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Press Attacking Homeschoolers

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By: Matthew Hennessey – wsj.com – December 20, 2023

The lockdowns and lockouts of 2020 dealt a reputational blow to the education blob—that quasipublic syndicate of teachers unions, government bureaucracies, brand-name credentialing institutions and their media allies whose mission is to keep taxpayer money flowing to public schools. Most of that money is linked to students, many of whom left during the plague year and haven’t returned. Now the crisis is over and the blob wants its monopoly back.

The pandemic scrambled Americans’ attitudes toward education. With entire families stuck at home, parents got a chance to examine in detail what their kids were doing all day. Many didn’t like what they saw. Wasted time, woke-infused curricula and poor instruction convinced these parents they could do better. They decided they liked the freedom and convenience of home schooling. It worked for them and for their kids. They kept at it after the lockdowns ended.

Somebody somewhere has decided this experiment in liberty has gone on long enough. An Oct. 31 piece in the Washington Post sounded the alarm about the stubborn popularity of “a largely unregulated practice once confined to the ideological fringe.” The education blob is a closed shop. Teachers and the unions that represent them are married to the idea that only properly trained professionals can handle a classroom. It’s a cult of expertise. Pedagogical science isn’t for amateurs, never mind that the idea of mass public education is no more than 200 years old. Also never mind that most credentialed teachers aren’t subject-matter experts.

Insufficient oversight is, for the blob, an argument ender. But in what arena has government regulation ever been a reliable guarantor of quality, service and safety? Public schools in communities across the country have failed—and are continuing to fail—to educate students. This happens despite well-funded, intrusive supervision by the blob. The whole point of home schooling is to get out from under that type of regulation.

Those most offended by home schooling tend to think the purpose of education isn’t to help young people reach their full potential but to socialize children into responsible citizenship. This leads them to view parents not as the primary educators of their children but as potential societal malefactors.

MSNBC personality Melissa Harris-Perry gave voice to this view in a 2013 commercial for the network. Society has to shake off the antiquated notion that parents have some special claim on their children, she said. Instead, we have to “recognize that kids belong to whole communities.” It’s precisely this warped view of the family from which many newly minted home schoolers are running.

A Nov. 12 Axios explainer similarly warned that home schooling can “prevent children from learning about and being exposed to other kids from different backgrounds.” Teachers union honcho Randi Weingarten tweeted the story, adding her own Bizarro World commentary: “If we dealt w/ gun violence, had robust anti-bullying programs & provided more services for special needs students, many of these parents wouldn’t feel compelled to homeschool.” She thinks that the uptick in home schooling is the product of big social forces outside her powerful union’s control, and that there’s nothing wrong with public education that more money wouldn’t cure.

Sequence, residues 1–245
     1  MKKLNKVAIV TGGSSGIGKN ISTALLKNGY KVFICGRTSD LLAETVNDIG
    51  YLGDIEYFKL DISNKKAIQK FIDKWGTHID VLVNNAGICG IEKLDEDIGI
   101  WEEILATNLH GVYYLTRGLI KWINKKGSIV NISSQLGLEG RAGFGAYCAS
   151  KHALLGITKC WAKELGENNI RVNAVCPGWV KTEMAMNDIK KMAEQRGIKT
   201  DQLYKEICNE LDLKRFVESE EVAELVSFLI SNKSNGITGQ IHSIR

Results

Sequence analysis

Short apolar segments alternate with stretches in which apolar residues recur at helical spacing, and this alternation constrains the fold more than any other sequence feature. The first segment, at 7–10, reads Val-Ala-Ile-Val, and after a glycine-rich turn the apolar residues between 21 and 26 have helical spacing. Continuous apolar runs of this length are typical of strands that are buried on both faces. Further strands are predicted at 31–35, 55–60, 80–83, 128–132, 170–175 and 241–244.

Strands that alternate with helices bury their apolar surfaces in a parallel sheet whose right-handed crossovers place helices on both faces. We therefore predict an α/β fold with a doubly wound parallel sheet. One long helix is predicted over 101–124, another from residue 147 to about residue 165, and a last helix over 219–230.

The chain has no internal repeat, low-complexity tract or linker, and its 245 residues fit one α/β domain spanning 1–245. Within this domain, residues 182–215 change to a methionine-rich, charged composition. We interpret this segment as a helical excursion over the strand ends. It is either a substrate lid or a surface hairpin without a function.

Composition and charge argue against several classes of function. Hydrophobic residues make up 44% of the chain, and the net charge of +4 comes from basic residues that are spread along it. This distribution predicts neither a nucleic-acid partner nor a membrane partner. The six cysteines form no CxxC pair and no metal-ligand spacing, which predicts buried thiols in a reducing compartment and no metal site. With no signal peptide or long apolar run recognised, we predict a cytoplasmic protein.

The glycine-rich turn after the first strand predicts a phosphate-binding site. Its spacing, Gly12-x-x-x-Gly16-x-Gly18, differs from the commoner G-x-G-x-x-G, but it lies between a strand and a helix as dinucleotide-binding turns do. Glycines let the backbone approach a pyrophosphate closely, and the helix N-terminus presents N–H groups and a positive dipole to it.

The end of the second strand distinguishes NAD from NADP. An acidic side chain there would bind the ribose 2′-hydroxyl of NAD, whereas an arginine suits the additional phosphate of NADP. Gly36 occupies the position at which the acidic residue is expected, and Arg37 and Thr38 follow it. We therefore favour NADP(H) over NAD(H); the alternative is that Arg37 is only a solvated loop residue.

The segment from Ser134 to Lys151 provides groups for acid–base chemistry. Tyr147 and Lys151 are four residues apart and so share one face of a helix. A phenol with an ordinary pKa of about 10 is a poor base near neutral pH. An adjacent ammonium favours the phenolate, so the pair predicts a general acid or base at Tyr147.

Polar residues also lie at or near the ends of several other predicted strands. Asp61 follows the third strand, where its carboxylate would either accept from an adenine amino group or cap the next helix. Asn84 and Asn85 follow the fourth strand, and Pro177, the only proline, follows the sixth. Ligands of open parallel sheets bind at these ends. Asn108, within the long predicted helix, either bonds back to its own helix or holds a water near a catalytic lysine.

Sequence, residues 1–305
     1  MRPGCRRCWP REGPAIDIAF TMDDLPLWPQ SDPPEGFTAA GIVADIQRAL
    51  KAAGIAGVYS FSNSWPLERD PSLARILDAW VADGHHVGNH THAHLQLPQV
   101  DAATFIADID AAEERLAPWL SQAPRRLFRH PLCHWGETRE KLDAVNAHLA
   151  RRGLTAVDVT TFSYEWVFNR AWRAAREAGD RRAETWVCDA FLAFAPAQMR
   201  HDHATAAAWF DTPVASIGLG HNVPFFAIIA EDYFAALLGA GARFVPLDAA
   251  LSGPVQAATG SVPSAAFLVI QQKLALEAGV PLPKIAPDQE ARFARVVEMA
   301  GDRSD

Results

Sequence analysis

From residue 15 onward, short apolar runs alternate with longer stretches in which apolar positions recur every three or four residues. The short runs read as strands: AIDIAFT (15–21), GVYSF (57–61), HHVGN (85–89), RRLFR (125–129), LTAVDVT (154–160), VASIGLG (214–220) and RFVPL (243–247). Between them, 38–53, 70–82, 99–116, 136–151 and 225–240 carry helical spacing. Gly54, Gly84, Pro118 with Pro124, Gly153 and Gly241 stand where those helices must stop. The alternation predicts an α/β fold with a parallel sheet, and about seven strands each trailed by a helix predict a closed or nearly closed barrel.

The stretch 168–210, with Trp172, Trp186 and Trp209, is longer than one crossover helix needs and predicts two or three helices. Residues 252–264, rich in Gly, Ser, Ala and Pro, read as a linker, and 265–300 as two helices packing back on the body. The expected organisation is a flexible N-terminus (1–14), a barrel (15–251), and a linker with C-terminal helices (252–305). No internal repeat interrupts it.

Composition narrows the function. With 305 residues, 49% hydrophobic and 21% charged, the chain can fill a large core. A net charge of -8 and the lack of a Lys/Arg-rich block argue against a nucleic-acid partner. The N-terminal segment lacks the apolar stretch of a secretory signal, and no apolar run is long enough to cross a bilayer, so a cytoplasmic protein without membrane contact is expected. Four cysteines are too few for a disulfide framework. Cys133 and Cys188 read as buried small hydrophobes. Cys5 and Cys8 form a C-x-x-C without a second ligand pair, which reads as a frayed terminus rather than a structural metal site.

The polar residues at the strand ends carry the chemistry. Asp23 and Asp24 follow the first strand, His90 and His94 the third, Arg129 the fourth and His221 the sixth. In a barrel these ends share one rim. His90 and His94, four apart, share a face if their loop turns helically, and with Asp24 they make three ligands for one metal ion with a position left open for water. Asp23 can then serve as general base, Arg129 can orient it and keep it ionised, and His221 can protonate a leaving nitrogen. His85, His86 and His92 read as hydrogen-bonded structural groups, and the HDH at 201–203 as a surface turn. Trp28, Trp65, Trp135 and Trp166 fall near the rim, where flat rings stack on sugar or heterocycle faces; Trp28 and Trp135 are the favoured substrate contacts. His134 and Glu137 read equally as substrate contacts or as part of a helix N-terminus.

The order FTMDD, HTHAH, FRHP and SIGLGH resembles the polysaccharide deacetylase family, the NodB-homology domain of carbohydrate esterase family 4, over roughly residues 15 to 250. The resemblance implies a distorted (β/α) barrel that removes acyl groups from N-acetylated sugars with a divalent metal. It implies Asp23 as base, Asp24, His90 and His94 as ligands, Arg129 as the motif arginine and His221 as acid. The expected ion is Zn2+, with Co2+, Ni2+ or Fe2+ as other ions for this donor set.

On Dec. 2, the Post returned with a tragic story about an abusive Michigan family that tortured and starved their children. The headline? “What Homeschooling Hides.” Although the piece nodded to reality—home-schooled kids aren’t at “significantly greater risk of mistreatment” than those who attend traditional schools—the clear purpose was to paint home schooling as an attractive end-around for potential child abusers.

Most recently, on Dec. 11, the Post’s education reporter dropped 3,500 words tearing into the reputation of Brian Ray, a relatively unknown independent academic who has spent his career conducting research on home-schooling outcomes. This is scorched-earth stuff. Is it really necessary to air the grievances of Mr. Ray’s disgruntled 43-year-old daughter, who no longer feels she got a good math education in her parents’ home? It is if the goal is to discredit home schooling completely and forever.

The education blob and media progressives see the growing popularity of home schooling as a social problem that urgently needs to be solved. As always these days, democracy itself is at stake, although a plausible case can be made that if a free people don’t have the freedom to raise their kids as they see fit, democracy is already in trouble.

The attack on home schooling is partially about money. The education blob behaves like a classic rent-seeking special interest. But it’s mainly about freedom. There’s a certain type of person who thinks too much of that is a bad thing.

Mr. Hennessey is the Journal’s deputy editorial features editor.

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Wonder Land: Covid-19 disrupted people’s private lives. Biden addressed concerns with a $6 trillion spending spree that’s had little effect on them. Images: SMG/Zuma Press/AFP/Getty Images Composite: Mark Kelly

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Source: Why Is the Press Attacking Home Schoolers? – WSJ